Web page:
• A meta-analytic review and future research agenda of charismatic leadership
    Publication date: August 2017
    Source:The Leadership Quarterly, Volume 28, Issue 4

    Author(s): George C. Banks, Krista N. Engemann, Courtney E. Williams, Janaki Gooty, Kelly Davis McCauley, Melissa R. Medaugh

    Charismatic leadership is a critical construct that draws much attention from both academic and practitioner literatures. Despite the positive attention received by the charisma construct, some have criticized its conceptualization and measurement. These critiques have, in turn, cast doubt on what we know regarding the antecedents and outcomes of charismatic leadership. In this review, we adopt a recently developed definition of charismatic leadership and then conduct a meta-analysis of its antecedents and objective outcomes. Following an examination of 76 independent studies and 36,031 individuals, results indicate that the Big Five traits and cognitive ability vary in their association with charismatic leadership. Other findings show that dimensions of charismatic leadership predict outcomes of interest, such as supervisor-rated task performance, supervisor-rated citizenship behaviors, and group or organization performance. Several shortcomings are identified, however, in testing theoretical and methodological moderating variables. The present research ultimately provides a roadmap for new frontiers in theoretical, measurement and empirical work on charismatic leadership.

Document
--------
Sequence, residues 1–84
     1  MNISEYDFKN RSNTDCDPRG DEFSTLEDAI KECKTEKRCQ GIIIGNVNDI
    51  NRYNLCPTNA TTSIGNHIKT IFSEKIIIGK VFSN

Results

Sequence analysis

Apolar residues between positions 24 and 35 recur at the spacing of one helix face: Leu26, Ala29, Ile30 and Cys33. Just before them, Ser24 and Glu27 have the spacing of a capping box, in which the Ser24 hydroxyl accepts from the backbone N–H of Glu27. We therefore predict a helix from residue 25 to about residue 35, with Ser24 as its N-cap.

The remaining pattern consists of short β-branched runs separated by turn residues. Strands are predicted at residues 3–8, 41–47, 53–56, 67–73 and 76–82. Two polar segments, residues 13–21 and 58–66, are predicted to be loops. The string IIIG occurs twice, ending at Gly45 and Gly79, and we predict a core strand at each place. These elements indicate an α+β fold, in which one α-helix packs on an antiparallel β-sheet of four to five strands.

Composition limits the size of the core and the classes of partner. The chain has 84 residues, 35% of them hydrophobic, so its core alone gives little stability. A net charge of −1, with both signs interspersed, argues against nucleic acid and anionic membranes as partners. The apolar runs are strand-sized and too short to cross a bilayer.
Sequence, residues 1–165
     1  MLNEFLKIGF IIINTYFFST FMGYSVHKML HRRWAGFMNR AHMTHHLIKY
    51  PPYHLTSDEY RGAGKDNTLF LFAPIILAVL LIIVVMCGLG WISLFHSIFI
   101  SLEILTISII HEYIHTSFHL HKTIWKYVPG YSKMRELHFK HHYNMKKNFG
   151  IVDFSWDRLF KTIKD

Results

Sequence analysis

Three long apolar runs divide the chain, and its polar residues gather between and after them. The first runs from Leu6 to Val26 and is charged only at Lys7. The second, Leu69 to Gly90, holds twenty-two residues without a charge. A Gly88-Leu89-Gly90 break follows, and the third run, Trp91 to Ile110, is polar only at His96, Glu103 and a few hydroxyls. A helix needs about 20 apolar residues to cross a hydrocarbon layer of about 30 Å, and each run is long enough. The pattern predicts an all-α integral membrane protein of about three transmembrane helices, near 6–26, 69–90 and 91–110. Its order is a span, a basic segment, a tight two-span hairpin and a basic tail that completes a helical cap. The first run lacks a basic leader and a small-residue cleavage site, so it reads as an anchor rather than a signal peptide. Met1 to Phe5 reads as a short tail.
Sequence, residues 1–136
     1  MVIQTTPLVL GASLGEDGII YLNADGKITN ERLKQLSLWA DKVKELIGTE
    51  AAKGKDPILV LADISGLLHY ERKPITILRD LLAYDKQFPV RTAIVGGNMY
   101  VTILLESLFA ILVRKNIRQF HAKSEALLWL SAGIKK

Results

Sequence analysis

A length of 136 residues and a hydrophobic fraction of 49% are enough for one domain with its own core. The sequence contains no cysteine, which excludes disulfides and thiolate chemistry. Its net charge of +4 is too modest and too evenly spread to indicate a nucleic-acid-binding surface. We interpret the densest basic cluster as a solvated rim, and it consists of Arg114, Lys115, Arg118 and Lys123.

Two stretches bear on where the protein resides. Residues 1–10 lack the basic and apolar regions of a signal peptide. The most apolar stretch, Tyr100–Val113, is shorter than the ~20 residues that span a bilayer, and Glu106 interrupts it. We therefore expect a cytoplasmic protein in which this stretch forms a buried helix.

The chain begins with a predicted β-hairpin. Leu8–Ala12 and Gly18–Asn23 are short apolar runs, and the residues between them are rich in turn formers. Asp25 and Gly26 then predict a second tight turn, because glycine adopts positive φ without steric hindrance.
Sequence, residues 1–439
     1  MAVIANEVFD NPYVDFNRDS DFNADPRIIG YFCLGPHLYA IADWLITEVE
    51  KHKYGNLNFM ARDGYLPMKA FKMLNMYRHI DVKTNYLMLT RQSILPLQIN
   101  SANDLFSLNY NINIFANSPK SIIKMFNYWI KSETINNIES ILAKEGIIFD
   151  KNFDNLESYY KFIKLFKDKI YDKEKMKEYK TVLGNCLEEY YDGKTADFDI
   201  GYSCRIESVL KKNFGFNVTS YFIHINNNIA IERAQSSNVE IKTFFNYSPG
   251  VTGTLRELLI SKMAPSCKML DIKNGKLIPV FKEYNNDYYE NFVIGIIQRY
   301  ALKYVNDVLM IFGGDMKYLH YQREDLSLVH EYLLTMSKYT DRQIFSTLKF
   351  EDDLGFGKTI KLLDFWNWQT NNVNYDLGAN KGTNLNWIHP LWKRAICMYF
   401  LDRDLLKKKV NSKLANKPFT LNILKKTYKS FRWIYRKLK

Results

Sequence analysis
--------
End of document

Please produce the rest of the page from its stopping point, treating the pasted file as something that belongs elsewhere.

• Dying for charisma: Leaders' inspirational appeal increases post-mortem
    Publication date: August 2017
    Source:The Leadership Quarterly, Volume 28, Issue 4

    Author(s): Niklas K. Steffens, Kim Peters, S. Alexander Haslam, Rolf van Dick